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This is my second interview with the lovely and talented Quinn Nystrom about her latest venture in Diabetes Advocacy.

Q: You were diagnosed with diabetes as a child and went to Camp Needlepoint. How did this camp change the way you saw diabetes? 

A: I assumed that going to a diabetes camp was going to be a horrible experience. I had just been diagnosed 5 months prior and the last thing I wanted to talk about was this new chronic illness. I thought we would be sitting through long lectures from doctors who were going to tell us the severity of diabetes, the do’s and don’t’s, and that it was just going to be one long educational session. Instead, camp taught me how to live my life DESPITE having diabetes. I was surrounded around other people who were going through the exact same thing I was. I learned that having type-1 diabetes came down to me making a choice: victor or victim? After spending a week there I wanted to be the victor against diabetes.

Q: Did you return to camp every summer? Did you maintain the friendships you made there?

A: I attended camp three summers in a row and then visited three more times, once when I was National Youth Advocate for the ADA, the summer that my little brother Will (he has type-1 too) was a camp counselor) and then again last summer as a Community Board Member for the ADA. My very first time I went to camp I became very close with my cabin. It was cool because it was boys and girls (we slept in different platform tents) so I got to see how diabetes affected people in different ways. I became best friends with a girl named Nicole and we ended up setting up visits to meet outside of our camp week. Some nights we even slept in the same bunk bed because we didn’t want to be separated from our “diabuddy.”

Q: Tell me about your inspiration for Dateline Diabetes, and where did the name come from?

A. When I was diagnosed at the age of 13 I desperately needed to talk to someone who had already had diabetes for a couple of years. In the doctor’s office I couldn’t see past today, I needed someone to help me have hope with my future goals and dreams. I created Dateline Diabetes because I saw a need out there, and I wanted to help do what I can to help fill that. My inspiration for calling the nonprofit “Dateline Diabetes” is because dateline is defined as “a line giving the place of origin and usually the date of a news dispatch or the like.”  The work that I do comes from my own personal story with having a chronic illness for the past 13 years, and I want other to feel empowered to tell their journey.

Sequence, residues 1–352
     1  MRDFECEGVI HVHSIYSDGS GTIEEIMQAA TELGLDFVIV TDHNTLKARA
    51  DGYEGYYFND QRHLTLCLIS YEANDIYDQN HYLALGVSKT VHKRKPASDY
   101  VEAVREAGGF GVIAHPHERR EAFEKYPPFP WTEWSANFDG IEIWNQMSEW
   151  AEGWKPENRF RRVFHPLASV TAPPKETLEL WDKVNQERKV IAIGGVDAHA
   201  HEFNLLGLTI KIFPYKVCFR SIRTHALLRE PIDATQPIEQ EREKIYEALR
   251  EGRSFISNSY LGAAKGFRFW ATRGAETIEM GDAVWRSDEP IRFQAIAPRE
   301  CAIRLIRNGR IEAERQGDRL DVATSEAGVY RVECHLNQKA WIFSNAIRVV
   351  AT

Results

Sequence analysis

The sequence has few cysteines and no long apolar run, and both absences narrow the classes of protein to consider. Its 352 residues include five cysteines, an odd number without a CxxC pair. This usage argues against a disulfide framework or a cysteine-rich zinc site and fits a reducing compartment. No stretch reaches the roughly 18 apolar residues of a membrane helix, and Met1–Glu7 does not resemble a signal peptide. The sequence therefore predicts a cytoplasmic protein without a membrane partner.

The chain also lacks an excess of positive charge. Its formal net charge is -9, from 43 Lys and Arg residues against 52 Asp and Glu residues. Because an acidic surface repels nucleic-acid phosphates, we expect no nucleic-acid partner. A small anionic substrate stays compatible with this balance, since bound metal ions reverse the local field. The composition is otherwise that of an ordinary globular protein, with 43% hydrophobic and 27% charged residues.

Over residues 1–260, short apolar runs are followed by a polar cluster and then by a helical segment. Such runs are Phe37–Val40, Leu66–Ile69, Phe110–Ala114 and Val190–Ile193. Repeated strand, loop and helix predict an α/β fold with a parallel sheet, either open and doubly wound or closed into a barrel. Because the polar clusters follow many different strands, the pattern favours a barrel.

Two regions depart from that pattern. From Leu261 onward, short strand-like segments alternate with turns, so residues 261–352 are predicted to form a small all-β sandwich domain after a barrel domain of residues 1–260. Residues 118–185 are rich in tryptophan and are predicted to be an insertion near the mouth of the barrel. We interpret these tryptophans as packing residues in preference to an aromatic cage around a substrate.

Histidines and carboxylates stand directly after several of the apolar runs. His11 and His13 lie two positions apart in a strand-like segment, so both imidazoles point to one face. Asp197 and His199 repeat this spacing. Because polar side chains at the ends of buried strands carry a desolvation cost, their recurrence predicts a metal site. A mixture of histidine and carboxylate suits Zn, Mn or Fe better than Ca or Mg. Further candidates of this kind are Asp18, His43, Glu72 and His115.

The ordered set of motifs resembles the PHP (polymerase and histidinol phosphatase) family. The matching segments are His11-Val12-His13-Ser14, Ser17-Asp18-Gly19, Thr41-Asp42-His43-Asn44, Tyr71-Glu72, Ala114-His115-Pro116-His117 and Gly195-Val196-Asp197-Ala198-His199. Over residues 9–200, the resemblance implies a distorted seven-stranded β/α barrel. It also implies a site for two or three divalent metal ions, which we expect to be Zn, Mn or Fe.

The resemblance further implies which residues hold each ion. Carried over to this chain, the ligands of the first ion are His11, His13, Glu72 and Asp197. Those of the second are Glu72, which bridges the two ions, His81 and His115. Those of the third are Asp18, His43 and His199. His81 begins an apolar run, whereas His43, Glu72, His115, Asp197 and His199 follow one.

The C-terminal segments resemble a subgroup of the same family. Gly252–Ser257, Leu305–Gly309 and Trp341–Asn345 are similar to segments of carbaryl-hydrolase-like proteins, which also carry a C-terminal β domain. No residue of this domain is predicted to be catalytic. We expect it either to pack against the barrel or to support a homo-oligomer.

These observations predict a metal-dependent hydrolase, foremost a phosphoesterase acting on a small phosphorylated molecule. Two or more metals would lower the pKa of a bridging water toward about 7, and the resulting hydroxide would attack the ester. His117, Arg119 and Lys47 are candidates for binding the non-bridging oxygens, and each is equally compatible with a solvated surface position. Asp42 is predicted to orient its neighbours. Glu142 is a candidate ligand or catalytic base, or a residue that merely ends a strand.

Dateline Diabetes serves two specific purposes. First, we provide Baskets of Hope to recently diagnosed diabetics under the age of 25. It will include items such as:

Diabetes educational material

A journal & markers

Information on how to get set-up with a mentor.

As well, the parents of the diagnosed will have an opportunity to get set-up with another parent who has a child with diabetes. Second, Dateline Diabetes providesdiabetes camp scholarships to people living with type-1 diabetes who cannot afford to attend. (Check out the ADA camp listing.)

Q: How this will work? Can parents apply for scholarships, and how will you choose where the money will go?

A: I’m in the process of waiting to hear back from the IRS if Dateline Diabetes qualifies to be a 501(c)3 charity. The Secretary of State has it already filed as a non-profit as of last November. I’ve heard the waiting game can be up to 8 months to hear back from the IRS.

I’m working with a new web developer to redo my entire website so starting this summer people will be able to go on to the site and

1. Fill out a form requesting a Basket of Hope.

2. Apply for a camp scholarship to be paid directly to the ADA camp of their choice (criteria will be based on personal passion for life as well as if they’re in financial need).

Parents are allowed to help a child with the application, but what we’re looking for is getting to know the future camper’s personality and zest for life.

3. Make a donation to the charity.

 Q: Camp is such a fantastic support system, how can people carry the life lessons learned in camp through the challenges of life with diabetes?

A: The lessons that I learned at the age of 13 at Camp Needlepoint I will carry with me for the rest of my life. I realized that I didn’t get a choice in getting diagnosed with type-1 diabetes, but I certainly got the choice on how I was going to react. Nobody else could make that decision but me.

By the way, my current site is under construction, but the new site will launch this summer (hopefully in June) and will have all the information regarding dateline diabetes. Www.datelinediabetes.org

We’ll keep you posted on Quinn’s progress with Dateline Diabetes….